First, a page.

This Brazilian Sangria Cocktail recipe will surprise you. This version contains the fruit of your liking, a bit of cachaça, brandy, red wine and—here is the kicker—absinthe. Of all the sangria recipes out there, this happens to be one of the most creative and tasting it is an experience.
This Brazilian Sangria Cocktail recipe takes an entirely different approach to Sangria. This one is made in a glass, not a punch bowl, and the red wine is a float rather than the main component. It also prefers Brazil’s cachaça over other types of rum, although it pairs that with Spanish brandy so that you get both liquors in one drink where it is typically one or the other.
Fruit plays a significant role here, like all sangrias, but it is your choice as to which ones to include. Have fun with this part and find the freshest or most exciting fruit in the produce section that you can at the moment. You cannot go wrong because you mix this drink with a new taste each time.
Some History of Sangria
Early Greeks and Romans combined wine with sugar, spices, and whatever was on hand. It was called “hippocras,” sometimes heated like mulled wine. Hippocras is likely the common ancestor of Sangria and mulled wine and was drunk everywhere because the water was bacteria-filled and dangerous to drink. A dash of alcohol made the liquid drinkable, and mixing the watered-down wine gave it flavour. People who lived in modern-day Spain did something comparable with grapevines planted by the Phoenicians around 1,100 B.C. and then with vines planted by the Romans afterward.
But in the 700s, the Spanish wine industry, and by extension the Spanish sangria industry, weakened. Islamic Moors occupied the peninsula in 711 A.D. Sangria did not return until the Moors’ rule ended in 1492, and Sangria was born with the return of wine.
Deviations of house sangria — which means blood in Spanish, about the red wine used — ruled in Spain. Traditionally, they made it with Spanish Tempranillo and other wine from Rioja with added citrus fruit. And even then, non of their Sangria was made the same.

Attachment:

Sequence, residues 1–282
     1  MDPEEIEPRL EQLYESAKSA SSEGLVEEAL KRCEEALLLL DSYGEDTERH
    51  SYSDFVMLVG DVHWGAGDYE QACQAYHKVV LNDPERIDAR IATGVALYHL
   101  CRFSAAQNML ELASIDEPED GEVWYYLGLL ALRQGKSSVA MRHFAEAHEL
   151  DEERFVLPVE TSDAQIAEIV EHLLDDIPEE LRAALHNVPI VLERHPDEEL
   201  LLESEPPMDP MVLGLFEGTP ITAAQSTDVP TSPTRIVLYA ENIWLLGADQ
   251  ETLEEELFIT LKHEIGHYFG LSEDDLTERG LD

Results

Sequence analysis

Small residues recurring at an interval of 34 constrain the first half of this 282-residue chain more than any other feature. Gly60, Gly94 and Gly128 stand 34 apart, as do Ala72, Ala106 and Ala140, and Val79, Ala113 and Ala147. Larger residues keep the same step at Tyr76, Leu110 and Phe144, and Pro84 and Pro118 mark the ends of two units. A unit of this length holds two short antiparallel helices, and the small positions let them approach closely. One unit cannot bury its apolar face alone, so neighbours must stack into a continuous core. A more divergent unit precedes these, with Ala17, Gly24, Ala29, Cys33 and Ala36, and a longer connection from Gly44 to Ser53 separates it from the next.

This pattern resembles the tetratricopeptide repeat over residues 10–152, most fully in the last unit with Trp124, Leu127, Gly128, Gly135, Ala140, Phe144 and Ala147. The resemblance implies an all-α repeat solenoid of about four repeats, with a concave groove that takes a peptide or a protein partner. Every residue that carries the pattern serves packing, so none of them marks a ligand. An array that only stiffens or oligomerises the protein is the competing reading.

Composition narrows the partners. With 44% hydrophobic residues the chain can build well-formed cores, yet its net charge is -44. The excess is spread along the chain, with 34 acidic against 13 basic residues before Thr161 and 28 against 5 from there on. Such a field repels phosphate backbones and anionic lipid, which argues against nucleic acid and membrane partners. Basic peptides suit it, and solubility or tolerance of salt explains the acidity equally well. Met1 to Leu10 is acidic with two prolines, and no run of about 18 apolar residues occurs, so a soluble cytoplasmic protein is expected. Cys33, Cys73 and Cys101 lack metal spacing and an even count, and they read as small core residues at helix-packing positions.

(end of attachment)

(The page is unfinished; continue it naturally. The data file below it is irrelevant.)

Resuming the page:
In the 1700s and 1800s, a type of Sangria was made in England and France using traditional French grapes. There was also white Sangria, sparkling Sangria, and Sangria made with peaches, called zurra. The drink in all its forms had flashes of popularity in the U.S. in Spanish restaurants and certain city alcoves.
The current obsession for Sangria in the U.S. dates back to the 1964 World’s Fair. Spain’s sponsored tent featured the drink, and Americans have been thirsty for Sangria ever since.
Under European law, all Sangria must be made in Spain or Portugal and have less than 12% alcohol by volume. The best Sangria, however, is homemade
Brazilian Sangria Cocktail
- 8 oz Pineapple Slices
- 4-5 Raspberries
- 1.25 oz Cachaça
- .5 oz Absinthe
- .5 oz Brandy
- .5 oz Orange Curaçao
- 1 oz Red Wine
- Add the fruit to the shaker tin and muddle it thoroughly.8 oz Pineapple Slices, 4-5 Raspberries
- Add remaining ingredients except the wine to the shaker.1.25 oz Cachaça, .5 oz Absinthe, .5 oz Brandy, .5 oz Orange Curaçao
- Shake with ice for 10-15 seconds.
- Pour straight into a wine glass.
- Float the red wine on top.1 oz Red Wine
- Garnish with a lime wheel.
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